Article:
20. 20.
    Doll S, Proneth B, Tyurina YY, Panzilius E, Kobayashi S, Ingold I, Irmler M, Beckers J, Aichler M, Walch A, Prokisch H, Trumbach D, Mao G, Qu F, Bayir H, Fullekrug J, Scheel CH, Wurst W, Schick JA, Kagan VE, Angeli JP, Conrad M (2017) ACSL4 dictates ferroptosis sensitivity by shaping cellular lipid composition. Nat Chem Biol 13:91–98. CrossRefGoogle Scholar
  21. 21.
    Yuan H, Li X, Zhang X, Kang R, Tang D (2016) Identification of ACSL4 as a biomarker and contributor of ferroptosis. Biochem Biophys Res Commun 478:1338–1343. CrossRefGoogle Scholar
  22. 22.
    Dixon SJ, Lemberg KM, Lamprecht MR, Skouta R, Zaitsev EM, Gleason CE, Patel DN, Bauer AJ, Cantley AM, Yang WS, Morrison B 3rd, Stockwell BR (2012) Ferroptosis: an iron-dependent form of nonapoptotic cell death. Cell 149:1060–1072. CrossRefPubMedCentralPubMedGoogle Scholar
  23. 23.
    Kagan VE, Mao G, Qu F, Angeli JP, Doll S, Croix CS, Dar HH, Liu B, Tyurin VA, Ritov VB, Kapralov AA, Amoscato AA, Jiang J, Anthonymuthu T, Mohammadyani D, Yang Q, Proneth B, Klein-Seetharaman J, Watkins S, Bahar I, Greenberger J, Mallampalli RK, Stockwell BR, Tyurina YY, Conrad M, Bayir H (2017) Oxidized arachidonic and adrenic PEs navigate cells to ferroptosis. Nat Chem Biol 13:81–90. CrossRefGoogle Scholar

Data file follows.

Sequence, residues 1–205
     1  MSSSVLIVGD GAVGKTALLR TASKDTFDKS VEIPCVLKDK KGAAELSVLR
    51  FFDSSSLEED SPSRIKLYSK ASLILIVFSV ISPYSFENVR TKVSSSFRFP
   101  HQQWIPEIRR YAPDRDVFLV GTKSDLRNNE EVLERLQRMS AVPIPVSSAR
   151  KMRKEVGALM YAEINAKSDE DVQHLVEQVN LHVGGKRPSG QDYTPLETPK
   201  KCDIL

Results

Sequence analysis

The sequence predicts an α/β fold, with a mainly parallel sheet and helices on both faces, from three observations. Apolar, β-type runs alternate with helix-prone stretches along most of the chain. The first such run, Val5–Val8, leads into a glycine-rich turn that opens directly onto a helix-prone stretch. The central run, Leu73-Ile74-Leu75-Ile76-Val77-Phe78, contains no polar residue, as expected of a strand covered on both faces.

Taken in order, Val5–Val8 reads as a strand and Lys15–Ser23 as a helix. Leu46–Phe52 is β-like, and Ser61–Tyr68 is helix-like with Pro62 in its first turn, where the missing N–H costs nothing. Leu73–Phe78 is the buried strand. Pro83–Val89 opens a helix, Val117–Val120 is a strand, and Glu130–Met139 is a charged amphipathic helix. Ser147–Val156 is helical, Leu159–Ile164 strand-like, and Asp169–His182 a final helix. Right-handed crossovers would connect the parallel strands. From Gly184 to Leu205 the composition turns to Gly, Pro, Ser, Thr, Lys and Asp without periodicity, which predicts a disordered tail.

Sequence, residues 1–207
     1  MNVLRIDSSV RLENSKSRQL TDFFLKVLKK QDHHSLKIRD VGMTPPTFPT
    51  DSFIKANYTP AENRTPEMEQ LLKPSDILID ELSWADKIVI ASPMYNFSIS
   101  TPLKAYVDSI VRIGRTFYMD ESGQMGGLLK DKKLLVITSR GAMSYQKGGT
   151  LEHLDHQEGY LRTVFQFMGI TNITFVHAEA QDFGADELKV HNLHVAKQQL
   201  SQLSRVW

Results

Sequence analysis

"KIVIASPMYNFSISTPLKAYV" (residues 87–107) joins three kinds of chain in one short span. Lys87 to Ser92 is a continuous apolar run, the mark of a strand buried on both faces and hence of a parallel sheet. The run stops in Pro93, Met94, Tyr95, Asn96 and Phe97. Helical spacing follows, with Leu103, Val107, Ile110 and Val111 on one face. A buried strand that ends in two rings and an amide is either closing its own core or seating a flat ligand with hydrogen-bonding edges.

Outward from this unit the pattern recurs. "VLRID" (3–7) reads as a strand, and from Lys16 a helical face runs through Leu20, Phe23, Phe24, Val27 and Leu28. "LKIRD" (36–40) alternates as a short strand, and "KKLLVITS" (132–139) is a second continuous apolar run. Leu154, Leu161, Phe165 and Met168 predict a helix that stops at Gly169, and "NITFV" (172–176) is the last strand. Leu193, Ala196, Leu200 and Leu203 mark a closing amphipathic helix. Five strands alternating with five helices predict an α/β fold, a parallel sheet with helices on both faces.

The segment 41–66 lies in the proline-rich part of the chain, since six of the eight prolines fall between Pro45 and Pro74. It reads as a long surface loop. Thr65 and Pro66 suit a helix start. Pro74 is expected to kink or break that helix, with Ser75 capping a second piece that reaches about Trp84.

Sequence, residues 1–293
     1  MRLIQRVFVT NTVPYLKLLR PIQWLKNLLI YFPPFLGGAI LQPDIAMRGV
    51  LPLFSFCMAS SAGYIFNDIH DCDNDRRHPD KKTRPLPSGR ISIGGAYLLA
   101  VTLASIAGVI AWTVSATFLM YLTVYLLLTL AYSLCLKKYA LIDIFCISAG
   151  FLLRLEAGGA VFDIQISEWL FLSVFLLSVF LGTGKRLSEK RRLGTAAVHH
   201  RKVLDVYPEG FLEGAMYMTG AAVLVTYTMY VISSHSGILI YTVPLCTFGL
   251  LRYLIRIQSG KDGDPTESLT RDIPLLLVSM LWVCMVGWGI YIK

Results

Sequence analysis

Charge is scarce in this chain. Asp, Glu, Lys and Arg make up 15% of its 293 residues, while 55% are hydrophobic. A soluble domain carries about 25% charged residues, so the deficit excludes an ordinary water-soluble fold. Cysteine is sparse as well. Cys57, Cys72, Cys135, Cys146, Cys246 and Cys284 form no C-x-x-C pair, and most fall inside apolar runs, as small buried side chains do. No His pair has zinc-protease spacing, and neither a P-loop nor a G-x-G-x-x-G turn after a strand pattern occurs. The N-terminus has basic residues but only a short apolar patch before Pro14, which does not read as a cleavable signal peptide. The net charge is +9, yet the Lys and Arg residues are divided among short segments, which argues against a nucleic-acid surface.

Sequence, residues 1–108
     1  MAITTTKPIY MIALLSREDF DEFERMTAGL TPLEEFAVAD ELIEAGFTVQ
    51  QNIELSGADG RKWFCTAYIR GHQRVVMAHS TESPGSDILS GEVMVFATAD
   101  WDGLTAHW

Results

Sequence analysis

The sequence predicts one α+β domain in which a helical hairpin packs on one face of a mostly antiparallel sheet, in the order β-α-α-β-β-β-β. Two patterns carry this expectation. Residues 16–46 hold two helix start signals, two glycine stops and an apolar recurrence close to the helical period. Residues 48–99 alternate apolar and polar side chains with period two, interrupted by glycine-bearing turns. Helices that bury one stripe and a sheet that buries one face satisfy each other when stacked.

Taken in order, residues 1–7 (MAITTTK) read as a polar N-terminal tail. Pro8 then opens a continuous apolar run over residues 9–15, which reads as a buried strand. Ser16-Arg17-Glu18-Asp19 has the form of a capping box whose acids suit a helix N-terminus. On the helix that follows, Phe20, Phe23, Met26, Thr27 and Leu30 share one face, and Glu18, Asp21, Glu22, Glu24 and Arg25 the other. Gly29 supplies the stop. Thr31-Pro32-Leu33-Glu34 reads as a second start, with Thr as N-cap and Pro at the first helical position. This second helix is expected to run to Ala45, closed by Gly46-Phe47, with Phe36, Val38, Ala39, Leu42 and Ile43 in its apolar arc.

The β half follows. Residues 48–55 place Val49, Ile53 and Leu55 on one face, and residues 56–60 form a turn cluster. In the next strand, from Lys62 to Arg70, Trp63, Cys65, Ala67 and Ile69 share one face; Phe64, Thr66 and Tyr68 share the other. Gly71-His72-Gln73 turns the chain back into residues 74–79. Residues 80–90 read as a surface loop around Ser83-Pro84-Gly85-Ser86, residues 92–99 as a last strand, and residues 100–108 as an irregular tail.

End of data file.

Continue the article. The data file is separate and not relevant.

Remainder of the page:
24. 24.
    Simons JP, Al-Shawi R, Minogue S, Waugh MG, Wiedemann C, Evangelou S, Loesch A, Sihra TS, King R, Warner TT, Hsuan JJ (2009) Loss of phosphatidylinositol 4-kinase 2alpha activity causes late onset degeneration of spinal cord axons. Proc Natl Acad Sci USA 106:11535–11539. CrossRefGoogle Scholar
  25. 25.
    Lewis A, Tsai SY, Su TP (2016) Detection of isolated mitochondria-associated ER membranes using the sigma-1 receptor. Methods Mol Biol 1376:133–140. CrossRefPubMedCentralPubMedGoogle Scholar
  26. 26.
    Kilbride P, Woodward HJ, Tan KB, Thanh NT, Chu KM, Minogue S, Waugh MG (2015) Modeling the effects of cyclodextrin on intracellular membrane vesicles from Cos-7 cells prepared by sonication and carbonate treatment. PeerJ 3:e1351. CrossRefPubMedCentralPubMedGoogle Scholar
  27. 27.
    Minogue S, Waugh MG, De Matteis MA, Stephens DJ, Berditchevski F, Hsuan JJ (2006) Phosphatidylinositol 4-kinase is required for endosomal trafficking and degradation of the EGF receptor. J Cell Sci 119:571–581. CrossRefGoogle Scholar
  28. 28.
    Lynes EM, Raturi A, Shenkman M, Ortiz Sandoval C, Yap MC, Wu J, Janowicz A, Myhill N, Benson MD, Campbell RE, Berthiaume LG, Lederkremer GZ, Simmen T (2013) Palmitoylation is the switch that assigns calnexin to quality control or ER Ca2+ signaling. J Cell Sci 126:3893–3903. CrossRefGoogle Scholar